“The No. 1 thing I look for in a job is the opportunity for professional growth,” says Maile Kawasaki, underwriter for business banking at Central Pacific Bank and a Gen Zer. “Does the company have a career path for me? Is there something to work for? A next step? I look for a company that will promote its people, which goes hand in hand with company culture.” She feels fortunate in her current role at CPB to experience a company culture that makes everyone feel like part of the team. She also appreciates the many opportunities for development and training.
Annie Nguyen is a recent graduate of the Shidler College of Business at UH Mānoa. She works as an associate account executive at Amazon Advertising and is enrolled in a six-month trainee program at the company’s headquarters in Seattle. At the end of the program, she will be promoted to account executive. Nguyen says she specifically looked for programs that were designed for recent college graduates.
“I feel like those types of programs were designed to set me up for success, going from college to career,” she says. “I looked for companies that would invest in me. I also looked for mentorship opportunities and companies that have policies that promote continued education.” (Note: Nguyen is a former digital media intern at Hawaii Business Magazine.)
According to David Stillman’s national survey, 61% of Gen Z say they would be willing to stay at a company for more than 10 years. That’s because Gen Z is looking for stability and are willing to stick around if allowed to grow in their careers, says Jonah Stillman.
“It’s important for managers to understand how their own insecurities and biases might be coloring their impression of future generations.”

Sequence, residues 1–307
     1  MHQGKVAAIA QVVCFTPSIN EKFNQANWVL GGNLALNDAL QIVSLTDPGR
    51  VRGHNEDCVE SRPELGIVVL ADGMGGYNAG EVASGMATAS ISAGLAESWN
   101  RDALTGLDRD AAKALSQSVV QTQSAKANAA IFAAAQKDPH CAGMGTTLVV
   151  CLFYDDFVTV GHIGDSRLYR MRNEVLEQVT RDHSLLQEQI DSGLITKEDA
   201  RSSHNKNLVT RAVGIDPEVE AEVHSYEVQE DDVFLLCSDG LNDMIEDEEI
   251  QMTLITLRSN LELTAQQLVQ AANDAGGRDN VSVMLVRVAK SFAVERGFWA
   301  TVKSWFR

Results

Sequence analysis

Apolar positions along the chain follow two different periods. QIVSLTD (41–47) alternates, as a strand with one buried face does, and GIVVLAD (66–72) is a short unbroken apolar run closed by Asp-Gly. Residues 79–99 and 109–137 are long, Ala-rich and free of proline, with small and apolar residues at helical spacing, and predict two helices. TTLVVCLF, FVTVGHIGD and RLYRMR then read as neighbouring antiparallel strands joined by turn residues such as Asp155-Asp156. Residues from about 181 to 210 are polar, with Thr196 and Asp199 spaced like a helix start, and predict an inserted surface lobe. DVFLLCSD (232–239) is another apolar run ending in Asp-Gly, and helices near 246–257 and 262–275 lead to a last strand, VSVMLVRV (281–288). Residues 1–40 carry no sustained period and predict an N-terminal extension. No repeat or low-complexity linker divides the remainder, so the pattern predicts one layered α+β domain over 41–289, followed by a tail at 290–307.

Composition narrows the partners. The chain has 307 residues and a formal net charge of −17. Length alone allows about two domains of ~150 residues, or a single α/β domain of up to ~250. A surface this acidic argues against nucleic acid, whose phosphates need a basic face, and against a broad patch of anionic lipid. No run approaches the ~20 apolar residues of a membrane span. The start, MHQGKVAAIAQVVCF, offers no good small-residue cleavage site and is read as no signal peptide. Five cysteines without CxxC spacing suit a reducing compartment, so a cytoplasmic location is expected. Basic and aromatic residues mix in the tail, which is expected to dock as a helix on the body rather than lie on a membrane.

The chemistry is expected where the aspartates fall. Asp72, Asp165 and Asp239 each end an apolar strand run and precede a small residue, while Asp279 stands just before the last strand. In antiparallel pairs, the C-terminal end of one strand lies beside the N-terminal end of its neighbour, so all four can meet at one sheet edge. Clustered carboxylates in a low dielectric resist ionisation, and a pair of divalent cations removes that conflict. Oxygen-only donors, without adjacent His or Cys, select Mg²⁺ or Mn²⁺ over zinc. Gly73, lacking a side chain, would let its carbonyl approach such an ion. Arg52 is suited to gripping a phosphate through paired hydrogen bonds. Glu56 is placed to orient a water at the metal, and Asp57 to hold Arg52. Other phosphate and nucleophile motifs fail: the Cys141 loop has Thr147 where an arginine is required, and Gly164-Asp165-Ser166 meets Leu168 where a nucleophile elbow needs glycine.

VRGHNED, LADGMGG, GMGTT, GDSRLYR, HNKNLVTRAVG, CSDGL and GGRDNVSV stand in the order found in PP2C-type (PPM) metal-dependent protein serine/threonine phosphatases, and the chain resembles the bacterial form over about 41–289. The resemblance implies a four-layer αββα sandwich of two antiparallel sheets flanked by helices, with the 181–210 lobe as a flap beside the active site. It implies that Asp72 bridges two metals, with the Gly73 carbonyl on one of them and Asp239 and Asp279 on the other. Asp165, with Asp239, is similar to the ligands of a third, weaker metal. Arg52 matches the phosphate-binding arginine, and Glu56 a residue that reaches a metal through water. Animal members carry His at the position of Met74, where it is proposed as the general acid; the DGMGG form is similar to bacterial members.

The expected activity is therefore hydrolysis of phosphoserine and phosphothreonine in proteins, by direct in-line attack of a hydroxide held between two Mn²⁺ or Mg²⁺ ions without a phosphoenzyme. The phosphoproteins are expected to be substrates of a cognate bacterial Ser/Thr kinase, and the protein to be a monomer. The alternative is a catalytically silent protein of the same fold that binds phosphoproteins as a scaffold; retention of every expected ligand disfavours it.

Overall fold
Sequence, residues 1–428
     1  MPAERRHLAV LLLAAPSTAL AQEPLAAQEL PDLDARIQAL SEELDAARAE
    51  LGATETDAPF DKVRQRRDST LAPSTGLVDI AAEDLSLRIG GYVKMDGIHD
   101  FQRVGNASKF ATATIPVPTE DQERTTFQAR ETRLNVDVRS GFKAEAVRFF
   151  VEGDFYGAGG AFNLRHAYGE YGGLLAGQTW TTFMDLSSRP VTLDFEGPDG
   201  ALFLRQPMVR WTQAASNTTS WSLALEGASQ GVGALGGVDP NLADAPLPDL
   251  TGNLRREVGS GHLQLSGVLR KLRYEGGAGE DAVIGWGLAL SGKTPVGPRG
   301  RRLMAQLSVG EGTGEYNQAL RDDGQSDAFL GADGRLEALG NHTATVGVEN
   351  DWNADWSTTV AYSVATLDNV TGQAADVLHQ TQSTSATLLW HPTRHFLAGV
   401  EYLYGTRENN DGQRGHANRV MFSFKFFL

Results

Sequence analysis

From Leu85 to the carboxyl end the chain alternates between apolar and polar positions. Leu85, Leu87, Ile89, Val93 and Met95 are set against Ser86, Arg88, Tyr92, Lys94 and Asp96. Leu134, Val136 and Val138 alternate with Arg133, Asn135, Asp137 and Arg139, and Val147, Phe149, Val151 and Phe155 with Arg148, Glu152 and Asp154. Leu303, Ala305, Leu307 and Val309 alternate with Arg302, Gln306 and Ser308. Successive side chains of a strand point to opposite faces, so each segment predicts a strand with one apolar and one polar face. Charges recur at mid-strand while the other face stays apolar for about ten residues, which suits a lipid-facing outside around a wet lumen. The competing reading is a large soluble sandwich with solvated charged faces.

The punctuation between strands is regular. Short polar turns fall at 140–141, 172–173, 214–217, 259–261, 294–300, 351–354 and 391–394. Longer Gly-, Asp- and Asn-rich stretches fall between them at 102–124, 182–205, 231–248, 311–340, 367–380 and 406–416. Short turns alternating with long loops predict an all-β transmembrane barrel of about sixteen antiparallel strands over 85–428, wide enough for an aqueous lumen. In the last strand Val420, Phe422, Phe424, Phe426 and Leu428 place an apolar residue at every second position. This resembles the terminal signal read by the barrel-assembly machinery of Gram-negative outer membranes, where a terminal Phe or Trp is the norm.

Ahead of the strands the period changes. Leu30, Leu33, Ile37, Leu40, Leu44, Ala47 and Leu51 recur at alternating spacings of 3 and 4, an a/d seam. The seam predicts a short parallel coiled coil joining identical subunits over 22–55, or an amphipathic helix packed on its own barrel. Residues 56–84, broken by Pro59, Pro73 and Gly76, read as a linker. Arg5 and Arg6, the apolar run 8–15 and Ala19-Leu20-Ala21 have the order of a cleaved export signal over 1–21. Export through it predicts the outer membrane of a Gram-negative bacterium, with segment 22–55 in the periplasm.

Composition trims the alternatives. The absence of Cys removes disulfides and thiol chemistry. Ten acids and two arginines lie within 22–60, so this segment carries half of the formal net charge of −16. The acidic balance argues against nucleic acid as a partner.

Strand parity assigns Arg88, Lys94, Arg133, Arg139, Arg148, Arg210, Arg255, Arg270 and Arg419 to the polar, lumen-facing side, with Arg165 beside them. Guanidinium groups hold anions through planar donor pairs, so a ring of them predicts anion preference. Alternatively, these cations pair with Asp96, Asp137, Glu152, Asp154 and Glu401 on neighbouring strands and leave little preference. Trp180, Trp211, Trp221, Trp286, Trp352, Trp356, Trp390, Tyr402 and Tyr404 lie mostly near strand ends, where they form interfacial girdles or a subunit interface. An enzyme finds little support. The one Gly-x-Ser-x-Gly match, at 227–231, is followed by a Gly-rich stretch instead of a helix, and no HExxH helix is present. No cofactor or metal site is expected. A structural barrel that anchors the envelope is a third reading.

Sonia Ghumman, Associate professor of management,
UH Shidler College of Business
Sherri Okinaga, VP and talent development manager at First Hawaiian Bank, says she was stunned by the shift in what interns have been focused on recently. “They’re very influenced by the downturn of the economy in 2008-09. We saw that Millennials think you can be whatever you want to be. But now it’s like, ‘How do I get a secure job?’ ‘How do I make sure that I have stability in my employer?’ That’s a really different conversation. And quite frankly, that’s good news to employers like us because our employee value proposition is about the long term.”
Okinaga says career development is a top priority at FHB. In the past four years the company has introduced an emerging leader program for employees who are starting to lead teams. The next step is FHB’s advanced leader program for those who will lead major transformations that call for innovative work. Finally, the executive leadership program helps prepare individuals for the bank’s C-Suite.
There are formal career development opportunities at every level within the organization to help people accelerate their careers, Okinaga says, and FHB also encourages informal, self-organized peer-to-peer learning. “We don’t believe in matchmaking mentorship. It has to be organic. It has to be chemistry. We create opportunities for people to have that interaction so that there is exposure to potential mentors.”